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M. Ann Hall and Bruce Kidd

Eva Dawes Spinks (1912–2009) was an outstanding Canadian high jumper in the 1930s. The present paper traces her early life, successful athletic career, and her decision in 1935 to join a group of athletes on a goodwill tour of the Soviet Union organized by the Workers’ Sports Association of Canada. Upon her return, Dawes was suspended by the Women’s Amateur Athletic Union of Canada. She retired from competition and became involved in the Canadian campaign to boycott the 1936 Berlin Olympics. Much later, Dawes adamantly denied any political involvement. The purpose of this paper is to examine and possibly explain the incongruity between the historical evidence and Dawes’s later denials. More broadly, it is a discussion about the relationship between history and individual memory.

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Enzo Iuliano, Giovanni Fiorilli, Giovanna Aquino, Alfonso Di Costanzo, Giuseppe Calcagno and Alessandra di Cagno

Memory performance is related to dementia, and plays an important role in the diagnosis of Alzheimer's disease (AD), the most common form of dementia. According to the Diagnostic and Statistical Manual of Mental Disorders-V (DSM-V), clear evidence of progressive decline in memory and learning is

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Keishi Soga, Keita Kamijo and Hiroaki Masaki

, & Kramer, 2015 for a review). For example, a cross-sectional study using a hippocampus-dependent relational memory task in children ( Chaddock et al., 2010 ) has indicated that greater aerobic fitness is associated with larger hippocampal volume and superior memory performance. A longitudinal, randomized

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Jeffrey D. Labban and Jennifer L. Etnier

, & Capranica, 2007 ), executive function (e.g.,  Emery, Honn, Frid, Lebowitz, & Diaz, 2001 ; Kubesch et al., 2003 ; Netz, Argov, & Inbar, 2009 ), or short-term memory (e.g.,  Coles & Tomporowski, 2008 ; Netz et al., 2009 ; Tomporowski & Ganio, 2006 ). The dominant assumption within the literature is that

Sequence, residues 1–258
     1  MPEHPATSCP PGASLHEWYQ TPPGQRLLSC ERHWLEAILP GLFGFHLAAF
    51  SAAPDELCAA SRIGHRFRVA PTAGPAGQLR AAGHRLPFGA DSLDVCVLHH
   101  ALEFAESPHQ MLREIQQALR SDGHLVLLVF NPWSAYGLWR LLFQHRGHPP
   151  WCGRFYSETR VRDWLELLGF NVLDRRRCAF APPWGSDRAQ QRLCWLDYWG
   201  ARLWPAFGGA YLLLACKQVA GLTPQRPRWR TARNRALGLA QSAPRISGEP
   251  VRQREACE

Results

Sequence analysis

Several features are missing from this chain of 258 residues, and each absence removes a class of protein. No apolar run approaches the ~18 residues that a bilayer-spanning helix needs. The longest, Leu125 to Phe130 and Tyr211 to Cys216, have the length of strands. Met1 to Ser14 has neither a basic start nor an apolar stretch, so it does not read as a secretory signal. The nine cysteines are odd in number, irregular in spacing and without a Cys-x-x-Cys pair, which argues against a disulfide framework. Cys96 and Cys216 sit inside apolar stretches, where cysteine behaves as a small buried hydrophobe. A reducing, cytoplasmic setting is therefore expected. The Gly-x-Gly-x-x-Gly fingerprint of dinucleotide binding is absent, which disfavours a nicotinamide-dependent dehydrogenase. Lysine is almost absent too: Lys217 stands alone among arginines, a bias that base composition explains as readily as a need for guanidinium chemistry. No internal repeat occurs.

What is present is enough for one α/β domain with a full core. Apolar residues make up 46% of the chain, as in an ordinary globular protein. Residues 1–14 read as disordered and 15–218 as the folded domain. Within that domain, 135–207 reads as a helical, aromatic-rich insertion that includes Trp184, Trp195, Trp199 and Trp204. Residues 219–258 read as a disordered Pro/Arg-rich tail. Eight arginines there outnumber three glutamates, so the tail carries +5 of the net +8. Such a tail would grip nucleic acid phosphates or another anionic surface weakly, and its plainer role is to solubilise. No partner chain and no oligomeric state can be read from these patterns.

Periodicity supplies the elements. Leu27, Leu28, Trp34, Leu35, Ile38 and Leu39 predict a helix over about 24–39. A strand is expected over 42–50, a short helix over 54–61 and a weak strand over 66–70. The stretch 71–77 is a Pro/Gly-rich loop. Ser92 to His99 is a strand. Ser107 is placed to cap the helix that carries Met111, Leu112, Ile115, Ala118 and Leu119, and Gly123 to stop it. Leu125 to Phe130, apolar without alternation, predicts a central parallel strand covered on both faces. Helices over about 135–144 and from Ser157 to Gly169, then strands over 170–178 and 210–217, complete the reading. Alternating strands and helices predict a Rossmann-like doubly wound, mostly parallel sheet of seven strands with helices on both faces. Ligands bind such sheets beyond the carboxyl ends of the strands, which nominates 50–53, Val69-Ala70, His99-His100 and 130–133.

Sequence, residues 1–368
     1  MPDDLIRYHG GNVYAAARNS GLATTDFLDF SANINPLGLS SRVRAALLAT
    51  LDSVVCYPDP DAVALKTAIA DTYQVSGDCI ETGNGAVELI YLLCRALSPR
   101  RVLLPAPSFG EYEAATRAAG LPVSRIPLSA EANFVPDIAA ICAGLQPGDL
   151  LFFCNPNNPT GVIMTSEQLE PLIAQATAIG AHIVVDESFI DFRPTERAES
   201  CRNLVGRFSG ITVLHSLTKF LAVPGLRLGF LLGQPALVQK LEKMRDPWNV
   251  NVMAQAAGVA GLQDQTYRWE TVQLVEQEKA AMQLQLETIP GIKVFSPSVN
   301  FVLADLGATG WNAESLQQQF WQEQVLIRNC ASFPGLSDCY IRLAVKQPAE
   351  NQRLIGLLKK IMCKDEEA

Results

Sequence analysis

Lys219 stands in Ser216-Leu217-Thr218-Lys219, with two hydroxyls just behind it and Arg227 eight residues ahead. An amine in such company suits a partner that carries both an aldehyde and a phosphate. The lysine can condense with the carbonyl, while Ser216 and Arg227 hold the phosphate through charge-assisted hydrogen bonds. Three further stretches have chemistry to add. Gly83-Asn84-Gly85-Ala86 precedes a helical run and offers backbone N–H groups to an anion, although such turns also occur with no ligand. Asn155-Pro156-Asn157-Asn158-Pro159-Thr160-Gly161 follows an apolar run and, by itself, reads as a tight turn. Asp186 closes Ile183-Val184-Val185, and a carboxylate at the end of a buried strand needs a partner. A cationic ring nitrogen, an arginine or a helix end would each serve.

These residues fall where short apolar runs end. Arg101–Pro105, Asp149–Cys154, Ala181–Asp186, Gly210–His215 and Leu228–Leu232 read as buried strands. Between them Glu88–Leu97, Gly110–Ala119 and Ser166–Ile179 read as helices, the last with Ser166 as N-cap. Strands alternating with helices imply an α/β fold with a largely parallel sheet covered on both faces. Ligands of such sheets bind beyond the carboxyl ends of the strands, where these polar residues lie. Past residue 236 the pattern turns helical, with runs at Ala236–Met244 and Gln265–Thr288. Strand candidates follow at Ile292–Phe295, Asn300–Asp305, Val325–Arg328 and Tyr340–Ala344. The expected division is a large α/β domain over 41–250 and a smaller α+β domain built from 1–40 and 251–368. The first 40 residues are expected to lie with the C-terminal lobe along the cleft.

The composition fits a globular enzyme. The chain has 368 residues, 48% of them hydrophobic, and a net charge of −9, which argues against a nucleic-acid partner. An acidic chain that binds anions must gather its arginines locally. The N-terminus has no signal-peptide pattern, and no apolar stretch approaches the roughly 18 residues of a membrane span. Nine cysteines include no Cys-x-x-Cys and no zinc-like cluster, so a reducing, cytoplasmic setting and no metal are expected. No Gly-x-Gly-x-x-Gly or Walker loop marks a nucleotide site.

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Femke van Abswoude, John van der Kamp and Bert Steenbergen

; Maxwell, Masters, & Eves, 2003 ). In particular, the conscious memorizing and manipulation of information relies on working memory. Consequently, working memory capacity may affect explicit learning, especially in the initial stage of learning. That is, with practice, the need for conscious control and

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Jacinta M. Saldaris, Grant J. Landers and Brendan S. Lay

Cognitive function is the performance of objective tasks that require conscious mental effort and is an emerging area in sport performance. Functions involving decision making, working memory, and executive control are important during many sporting situations and are explored in this study. In

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Emmanuel Ducrocq, Mark Wilson, Tim J. Smith and Nazanin Derakshan

working memory (WM; Shipstead, Lindsey, Marshall, & Engle, 2014 ; Unsworth, Redick, Spillers, & Brewer, 2012 ), attentional control or working memory capacity (WMC) reflects individual differences in the efficacy by which executive functions of inhibition (e.g., resistance to distraction), shifting (e

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T. Bettina Cornwell, Steffen Jahn, Hu Xie and Wang Suk Suh

between emotions and memory, as well as calls for research on memory in marketing ( Bagozzi, Gopinath, & Nyer, 1999 ). Thus, the current research considers event emotions and the role of these emotions on sponsor recall, as well as intent to participate in the sporting event in the future. Importantly

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Isaac Estevan, Sergio Gandia, Israel Villarrasa-Sapiña, José Luis Bermejo and Xavier García-Massó

, Cinar, Majnemer, & Gagnon, 2017 ). Balance and the cognitive function (e.g., working memory) can potentially influence each other ( Huang & Mercer, 2001 ). Studies conducted on the relationship between motor performance and working memory require individuals to perform both tasks simultaneously ( dual

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Eric A. Roy, Liana Brown, Tammi Winchester, Paula Square, Craig Hall and Sandra Black

Apraxia is an impairment in the ability to pantomime or imitate gestures usually caused by a stroke more frequently to the left than the right hemisphere. Due to the complex nature of apraxia, disruptions to a number of different cognitive and motor processes have been proposed to underly this disorder. In order to examine disruptions to these processes the participation of a special population of people who have suffered a stroke has been enlisted. The role of memory has been particularly well elucidated in studies of this special population, as patients with left hemisphere damage exhibit a particular deficit in performing gestures from memory. In this paper, through use of a model depicting the stages involved in gestural production, the processes that might be affected at each stage by left hemisphere damage are examined. The implications of the “cognitive neuropsychology” approach for incorporating special populations into research in the movement sciences are considered.